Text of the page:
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I love how many pages this is in already. It really only seems like 3 Canadian cities are in the running. Vancouver Halifax and Toronto. Halifax bid is terrible so far offering a disjointed area where Amazon could be set up. Vancouver is a great location but why set up shop right next door. Toronto is the most obvious expansion city but are they even looking for a city on the continent?
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  #85  
Old Posted Sep 8, 2017, 5:36 AM
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Halifax?!? Did they even read Amazon's RFP? The very first thing they specify is that they require a metro of at least a million people.
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  #86  
Old Posted Sep 8, 2017, 5:52 AM
Corndogger Corndogger is offline
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Originally Posted by ssiguy View Post
The only city in Canada that has a shot is Toronto. I would put Calgary, Ottawa, and Montreal ahead of Vancouver's chances. Why on earth would a company set up a massive secondary office only 200km from it's main office and it's advantages of having a port and Asian gateway are also irrelevant as Seattle has the same and in Vancouver due to the high cost of living employers can't even find people to fill current open positions.

It has to be a place that has great continental, local, and international connections which writes off Ottawa and getting a massive amount of high tech bilingual staff for a Montreal base would be very hard. It does have the advantage of having a large creative class, low cost of living and very cheap Hydro but I don't think that's enough to outway the language issues. It has a great urban scene and Metro but Trudeaau Internatonal is not a very well connected airport

Chicago has excellent transportation connections and a high skilled workforce but the state's finances are in horriid shape and both Iiiinois and Chicago are dropping in population much of that due to very high taxes in general and extremely high crime rates in Chicago in particular.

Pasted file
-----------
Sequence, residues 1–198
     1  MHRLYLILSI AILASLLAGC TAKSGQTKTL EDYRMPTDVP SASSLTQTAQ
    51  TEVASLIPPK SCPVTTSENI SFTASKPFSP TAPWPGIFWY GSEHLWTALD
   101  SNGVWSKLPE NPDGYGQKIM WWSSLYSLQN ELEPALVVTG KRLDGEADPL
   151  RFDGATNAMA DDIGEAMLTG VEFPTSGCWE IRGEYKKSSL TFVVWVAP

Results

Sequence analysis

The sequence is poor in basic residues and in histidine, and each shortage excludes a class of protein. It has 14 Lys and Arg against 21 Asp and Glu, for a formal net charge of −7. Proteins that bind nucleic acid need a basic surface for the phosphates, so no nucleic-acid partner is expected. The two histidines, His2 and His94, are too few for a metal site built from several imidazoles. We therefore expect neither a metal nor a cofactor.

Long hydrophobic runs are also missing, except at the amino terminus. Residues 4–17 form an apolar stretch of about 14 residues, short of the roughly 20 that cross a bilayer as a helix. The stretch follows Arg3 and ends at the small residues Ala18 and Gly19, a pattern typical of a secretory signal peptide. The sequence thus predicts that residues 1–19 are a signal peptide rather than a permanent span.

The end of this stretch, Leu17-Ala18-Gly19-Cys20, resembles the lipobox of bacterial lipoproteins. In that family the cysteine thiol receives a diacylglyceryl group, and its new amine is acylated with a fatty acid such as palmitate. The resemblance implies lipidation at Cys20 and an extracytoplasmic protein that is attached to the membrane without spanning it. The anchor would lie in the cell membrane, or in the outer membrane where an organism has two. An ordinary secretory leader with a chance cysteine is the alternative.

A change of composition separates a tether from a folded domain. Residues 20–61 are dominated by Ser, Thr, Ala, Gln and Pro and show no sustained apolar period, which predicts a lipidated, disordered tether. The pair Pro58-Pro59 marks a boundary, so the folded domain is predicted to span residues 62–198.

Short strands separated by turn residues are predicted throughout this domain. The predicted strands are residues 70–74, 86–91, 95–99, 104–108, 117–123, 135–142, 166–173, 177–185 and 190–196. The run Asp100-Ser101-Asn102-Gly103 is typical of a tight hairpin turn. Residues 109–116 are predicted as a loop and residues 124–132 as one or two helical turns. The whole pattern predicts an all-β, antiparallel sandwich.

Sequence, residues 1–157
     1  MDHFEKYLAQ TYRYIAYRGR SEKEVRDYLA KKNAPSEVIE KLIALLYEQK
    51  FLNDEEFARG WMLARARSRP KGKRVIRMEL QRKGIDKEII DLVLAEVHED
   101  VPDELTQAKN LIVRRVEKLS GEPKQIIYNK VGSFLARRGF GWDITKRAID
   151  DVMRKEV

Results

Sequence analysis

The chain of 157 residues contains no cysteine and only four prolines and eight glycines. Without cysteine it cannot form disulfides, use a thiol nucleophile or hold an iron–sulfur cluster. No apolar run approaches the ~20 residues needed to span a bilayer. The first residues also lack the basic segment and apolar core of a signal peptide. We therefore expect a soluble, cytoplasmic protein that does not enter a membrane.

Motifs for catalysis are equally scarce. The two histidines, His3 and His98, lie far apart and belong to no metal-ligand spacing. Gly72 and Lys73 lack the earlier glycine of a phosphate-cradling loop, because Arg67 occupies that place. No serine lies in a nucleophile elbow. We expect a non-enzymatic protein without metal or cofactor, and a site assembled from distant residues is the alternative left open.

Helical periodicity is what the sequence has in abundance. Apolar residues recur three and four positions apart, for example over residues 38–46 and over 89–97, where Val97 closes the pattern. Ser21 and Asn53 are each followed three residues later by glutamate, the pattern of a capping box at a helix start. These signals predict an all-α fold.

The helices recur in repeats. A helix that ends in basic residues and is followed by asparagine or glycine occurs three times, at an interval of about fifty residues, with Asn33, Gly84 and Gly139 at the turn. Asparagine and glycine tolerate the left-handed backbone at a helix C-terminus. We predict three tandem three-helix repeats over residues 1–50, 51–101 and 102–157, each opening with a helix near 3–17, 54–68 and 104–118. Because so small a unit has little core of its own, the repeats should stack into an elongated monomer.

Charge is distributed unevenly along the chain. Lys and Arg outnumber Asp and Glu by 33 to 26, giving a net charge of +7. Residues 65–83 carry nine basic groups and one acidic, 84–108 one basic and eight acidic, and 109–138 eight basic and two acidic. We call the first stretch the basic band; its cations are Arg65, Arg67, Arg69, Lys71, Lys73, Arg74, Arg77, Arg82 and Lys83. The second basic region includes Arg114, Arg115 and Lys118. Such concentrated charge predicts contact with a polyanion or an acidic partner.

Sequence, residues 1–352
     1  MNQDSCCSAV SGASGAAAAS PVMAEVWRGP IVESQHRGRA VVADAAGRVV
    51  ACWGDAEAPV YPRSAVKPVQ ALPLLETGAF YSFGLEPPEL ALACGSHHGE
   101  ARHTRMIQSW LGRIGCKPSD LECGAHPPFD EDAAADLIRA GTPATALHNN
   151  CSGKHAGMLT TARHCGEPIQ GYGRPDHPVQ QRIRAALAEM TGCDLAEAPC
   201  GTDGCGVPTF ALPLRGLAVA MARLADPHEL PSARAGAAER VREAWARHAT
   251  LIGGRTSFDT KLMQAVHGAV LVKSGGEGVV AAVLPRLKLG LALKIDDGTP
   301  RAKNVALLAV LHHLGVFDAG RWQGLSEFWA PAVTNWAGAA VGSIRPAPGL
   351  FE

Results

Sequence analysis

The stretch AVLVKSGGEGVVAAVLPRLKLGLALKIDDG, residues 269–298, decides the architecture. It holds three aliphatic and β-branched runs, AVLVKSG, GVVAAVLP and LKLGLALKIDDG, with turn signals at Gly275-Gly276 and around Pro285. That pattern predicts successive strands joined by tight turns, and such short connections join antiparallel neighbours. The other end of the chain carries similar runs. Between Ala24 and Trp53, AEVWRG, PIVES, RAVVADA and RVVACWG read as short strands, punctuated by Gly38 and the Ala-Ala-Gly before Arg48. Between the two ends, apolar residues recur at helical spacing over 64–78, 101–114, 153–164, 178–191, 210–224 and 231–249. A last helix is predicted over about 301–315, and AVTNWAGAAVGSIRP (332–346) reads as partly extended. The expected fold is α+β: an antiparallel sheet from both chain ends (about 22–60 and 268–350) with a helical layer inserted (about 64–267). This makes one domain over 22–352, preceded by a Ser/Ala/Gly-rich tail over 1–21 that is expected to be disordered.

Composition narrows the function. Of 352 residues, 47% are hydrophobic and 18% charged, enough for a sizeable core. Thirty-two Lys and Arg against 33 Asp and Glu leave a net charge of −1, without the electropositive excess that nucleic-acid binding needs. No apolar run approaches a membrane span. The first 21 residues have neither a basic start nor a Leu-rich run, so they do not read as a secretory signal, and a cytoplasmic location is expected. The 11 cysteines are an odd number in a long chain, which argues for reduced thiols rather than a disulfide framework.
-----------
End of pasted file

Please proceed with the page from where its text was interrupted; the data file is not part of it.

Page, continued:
If urban transit plays a part then Austin is a right off but both Dallas and Atlanta have some RT which helps but neither have a good transit system. Both have high crime raates but nothing even close to Chicago. Atlanta has the benefit of being in an Eastern timezone and the world's busiest and most connected airport but still has a huge image problem where it might find it difficult to get skilled labour.

To me it will come down to just 2 cities............Toronto and Boston. Both are safe cities, Eastern time zone, have excellent universities, a very educated workforce, and large established high tech industry, large airports, good transit systems, have large creative classes,and offer a high quality of life that few other cities can match.

The advantage for Boston is that it is in the US so the border is no problem nor is an anti-free trade President. Conversely Toronto offers the huge wage subsidy of our dollar and due to Canada's much more liberal and welcoming immigrant attitudes getting international workers to relocate is much easier knowing the workers will bemore welcomed both economically but also politically and socially.
Has Amazon said why they want to do this? And why is everyone discounting Europe? A second headquarters in North America makes little sense when you think about it.

Last edited by Corndogger; Sep 8, 2017 at 6:11 AM.
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  #87  
Old Posted Sep 8, 2017, 5:55 AM
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Originally Posted by ssiguy View Post
The only city in Canada that has a shot is Toronto. I would put Calgary, Ottawa, and Montreal ahead of Vancouver's chances. Why on earth would a company set up a massive secondary office only 200km from it's main office and it's advantages of having a port and Asian gateway are also irrelevant as Seattle has the same and in Vancouver due to the high cost of living employers can't even find people to fill current open positions.